Top 5 Things Not To Say To A Lesbian
They are disguised as "jokes", but in actuality, showcase an unwillingness or inability to understand a different perspective.
What are They? They are stereotypes. And the LGBT community definitely has its share of them. Lets' focus on the "L" in LGBT for a moment.
If I had a dollar for the number of times I've heard folks, including my lesbian friends, utter a stereotype for a few laughs, I would not need a Powerball ticket.
Don't get me wrong. I can take a joke and yes, I've chuckled at a stereotype or two, in my lifetime. But in certain situations, one being the workplace, certain comments can make you feel isolated and excluded.
We all know that education helps to bridge differences and open minds. So, in an effort to diminish the likelihood of a raised eyebrow during your next conversation with a lesbian, here are the top 5 things not to say to us:
1. Who is the man in your relationship? This question comes up the most. I get it. There are roles in our society, that although blurring, are gender-based. Growing up, my mother cooked the meals and my father took care of the lawn. So how does a relationship between two women fit into this picture? I can only speak for myself. In our household, chores and finances are dictated by interest and ability. No one would ever describe me as mechanically inclined. But, I can whip up a budget in 5 minutes flat. Consequently, my wife replaced our dining room ceilings and I made sure the credit card we used for the supplies, was quickly paid off. Every couple has their own dynamic. And that's ok.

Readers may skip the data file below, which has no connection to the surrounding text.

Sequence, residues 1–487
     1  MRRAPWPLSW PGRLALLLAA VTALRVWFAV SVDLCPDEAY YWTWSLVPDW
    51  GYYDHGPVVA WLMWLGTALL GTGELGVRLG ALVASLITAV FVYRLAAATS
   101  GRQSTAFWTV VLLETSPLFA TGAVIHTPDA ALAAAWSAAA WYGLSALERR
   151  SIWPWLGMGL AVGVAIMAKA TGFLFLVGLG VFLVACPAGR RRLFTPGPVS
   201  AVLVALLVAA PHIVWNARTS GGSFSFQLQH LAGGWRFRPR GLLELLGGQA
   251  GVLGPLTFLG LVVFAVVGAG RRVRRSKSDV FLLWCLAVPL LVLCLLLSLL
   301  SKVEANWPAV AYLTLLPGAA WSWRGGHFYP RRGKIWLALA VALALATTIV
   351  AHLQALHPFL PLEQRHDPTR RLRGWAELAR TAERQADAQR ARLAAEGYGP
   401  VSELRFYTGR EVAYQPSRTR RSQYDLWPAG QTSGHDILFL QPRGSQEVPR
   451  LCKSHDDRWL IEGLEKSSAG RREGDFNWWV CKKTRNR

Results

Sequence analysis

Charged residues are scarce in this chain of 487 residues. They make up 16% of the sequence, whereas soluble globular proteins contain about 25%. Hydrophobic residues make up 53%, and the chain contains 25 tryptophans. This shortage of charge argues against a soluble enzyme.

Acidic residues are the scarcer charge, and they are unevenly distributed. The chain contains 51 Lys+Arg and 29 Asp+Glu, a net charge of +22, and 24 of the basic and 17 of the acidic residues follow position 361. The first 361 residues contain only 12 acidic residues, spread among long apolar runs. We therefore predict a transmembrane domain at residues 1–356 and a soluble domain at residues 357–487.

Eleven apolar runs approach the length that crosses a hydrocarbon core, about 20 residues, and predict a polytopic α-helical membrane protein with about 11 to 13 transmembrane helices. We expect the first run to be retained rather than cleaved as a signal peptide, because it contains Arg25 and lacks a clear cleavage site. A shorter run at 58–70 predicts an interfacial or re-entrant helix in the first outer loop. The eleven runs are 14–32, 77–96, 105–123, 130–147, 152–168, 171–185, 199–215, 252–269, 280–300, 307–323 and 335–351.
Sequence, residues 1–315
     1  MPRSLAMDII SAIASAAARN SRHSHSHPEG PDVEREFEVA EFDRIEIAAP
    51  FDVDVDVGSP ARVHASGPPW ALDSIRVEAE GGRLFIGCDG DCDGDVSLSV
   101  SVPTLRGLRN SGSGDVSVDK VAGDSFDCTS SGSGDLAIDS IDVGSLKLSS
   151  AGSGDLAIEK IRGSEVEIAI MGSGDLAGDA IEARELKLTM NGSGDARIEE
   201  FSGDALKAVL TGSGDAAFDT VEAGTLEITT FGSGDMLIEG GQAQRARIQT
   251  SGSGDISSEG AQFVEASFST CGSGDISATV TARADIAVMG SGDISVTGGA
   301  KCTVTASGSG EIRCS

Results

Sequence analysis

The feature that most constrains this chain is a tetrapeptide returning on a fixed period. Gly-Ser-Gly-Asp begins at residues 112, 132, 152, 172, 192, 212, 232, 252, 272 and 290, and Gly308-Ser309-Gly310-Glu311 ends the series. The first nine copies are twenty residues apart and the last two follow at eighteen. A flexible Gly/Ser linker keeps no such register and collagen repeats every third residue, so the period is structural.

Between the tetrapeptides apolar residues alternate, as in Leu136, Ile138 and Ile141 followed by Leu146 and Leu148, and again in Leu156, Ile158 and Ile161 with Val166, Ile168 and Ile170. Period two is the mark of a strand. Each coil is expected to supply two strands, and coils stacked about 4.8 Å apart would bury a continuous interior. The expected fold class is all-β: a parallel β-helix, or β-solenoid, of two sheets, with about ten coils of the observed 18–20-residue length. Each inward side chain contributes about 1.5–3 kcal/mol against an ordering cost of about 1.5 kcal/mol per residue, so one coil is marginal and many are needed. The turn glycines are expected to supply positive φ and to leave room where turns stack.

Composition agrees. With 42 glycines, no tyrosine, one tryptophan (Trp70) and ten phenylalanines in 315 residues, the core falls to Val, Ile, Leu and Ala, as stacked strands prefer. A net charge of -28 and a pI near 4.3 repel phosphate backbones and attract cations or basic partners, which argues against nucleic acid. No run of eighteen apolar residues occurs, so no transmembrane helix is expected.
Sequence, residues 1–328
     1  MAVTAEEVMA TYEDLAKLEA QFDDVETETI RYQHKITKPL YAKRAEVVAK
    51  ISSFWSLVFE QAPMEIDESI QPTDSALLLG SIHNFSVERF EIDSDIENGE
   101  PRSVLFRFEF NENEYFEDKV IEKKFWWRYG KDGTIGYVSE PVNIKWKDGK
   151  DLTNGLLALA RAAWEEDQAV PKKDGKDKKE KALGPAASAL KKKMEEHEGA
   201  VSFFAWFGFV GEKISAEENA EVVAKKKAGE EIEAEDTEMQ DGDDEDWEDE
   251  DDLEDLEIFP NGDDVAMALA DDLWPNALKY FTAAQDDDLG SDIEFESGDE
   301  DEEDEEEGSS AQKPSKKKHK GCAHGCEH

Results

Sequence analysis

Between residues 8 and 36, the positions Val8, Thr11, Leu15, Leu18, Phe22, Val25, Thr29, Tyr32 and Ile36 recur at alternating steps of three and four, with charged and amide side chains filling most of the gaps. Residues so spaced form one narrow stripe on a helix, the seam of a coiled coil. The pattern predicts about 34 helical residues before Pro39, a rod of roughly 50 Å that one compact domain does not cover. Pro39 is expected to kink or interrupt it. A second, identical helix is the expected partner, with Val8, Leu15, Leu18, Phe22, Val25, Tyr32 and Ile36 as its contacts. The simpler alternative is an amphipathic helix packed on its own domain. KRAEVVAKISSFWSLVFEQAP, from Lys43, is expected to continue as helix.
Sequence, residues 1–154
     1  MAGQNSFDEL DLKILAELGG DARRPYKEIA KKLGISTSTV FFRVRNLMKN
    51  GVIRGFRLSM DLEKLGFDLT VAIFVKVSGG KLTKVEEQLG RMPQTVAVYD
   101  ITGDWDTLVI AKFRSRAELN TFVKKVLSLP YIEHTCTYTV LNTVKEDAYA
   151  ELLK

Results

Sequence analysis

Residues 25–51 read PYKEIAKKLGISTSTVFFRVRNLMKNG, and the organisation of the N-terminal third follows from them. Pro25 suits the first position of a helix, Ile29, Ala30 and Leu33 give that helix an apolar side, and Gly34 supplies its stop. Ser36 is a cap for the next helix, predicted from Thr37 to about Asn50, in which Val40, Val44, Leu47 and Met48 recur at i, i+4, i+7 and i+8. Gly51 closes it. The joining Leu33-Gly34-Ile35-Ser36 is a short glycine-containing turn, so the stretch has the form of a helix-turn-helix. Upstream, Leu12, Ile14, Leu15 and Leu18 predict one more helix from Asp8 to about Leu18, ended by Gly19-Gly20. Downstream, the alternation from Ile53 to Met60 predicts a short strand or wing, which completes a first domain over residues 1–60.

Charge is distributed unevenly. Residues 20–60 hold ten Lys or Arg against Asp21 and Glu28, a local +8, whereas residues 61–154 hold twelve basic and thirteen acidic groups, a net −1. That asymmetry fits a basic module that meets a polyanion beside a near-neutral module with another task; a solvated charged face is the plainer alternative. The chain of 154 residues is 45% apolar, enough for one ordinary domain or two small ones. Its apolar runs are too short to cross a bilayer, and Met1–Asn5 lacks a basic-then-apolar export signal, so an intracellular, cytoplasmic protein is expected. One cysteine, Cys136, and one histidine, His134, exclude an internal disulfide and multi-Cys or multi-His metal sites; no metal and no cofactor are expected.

2. You don't look gay. I suppose I missed the memo that I have to look, dress and behave in a certain way to appropriately reflect the LGBT community. Folks, there is no such thing as a "gay" look. We're available in all shapes, sizes, hair styles and clothing preferences. Take it from me, gaydar is faulty at best.
3. I knew you were gay. Based on what? Do I fit a stereotype? Did your gaydar go off? Do you see a pattern with these questions? I learned a long time ago, that if I want a question answered, I'll go to the source. Everything else is hearsay. But before you ask that question, do me a favor. Ask yourself if the question falls out of the realm of your business. If it does, don't ask. One of my best friends summed it up best when she said, "The only person's sexuality I need to know is my husbands".
4. Why do lesbians... (fill in the blank)? I'm going to stop you right here. Do you see the sweeping generalization in that question? I'm not, nor is anyone else, the spokesman for the LGBT community. I'm a spokeswoman for Danni Davis. If you have a question about me, ask. But asking me to explain the behavior of an entire group of people is unfair. One of the fabulous aspects of our society is that everyone is unique.That is why its wonderful to form relationships with different people; we have different life experiences that we all can learn from. So do not take the lazy way out and assume we are all the same.
5. Do you hate men? I'm not a math genius, but I don't know of any equation that states an attraction to women = a hatred of men. Growing up, I was called a "tomboy" because I preferred playing with boys. I still enjoy the company of my male friends to this day. We go out, have a few laughs, share what is going on in our lives and then go home to our wives. In all candor, this question gets under my skin the most. Why is my marriage and my "dudes" viewed as mutually exclusive concepts?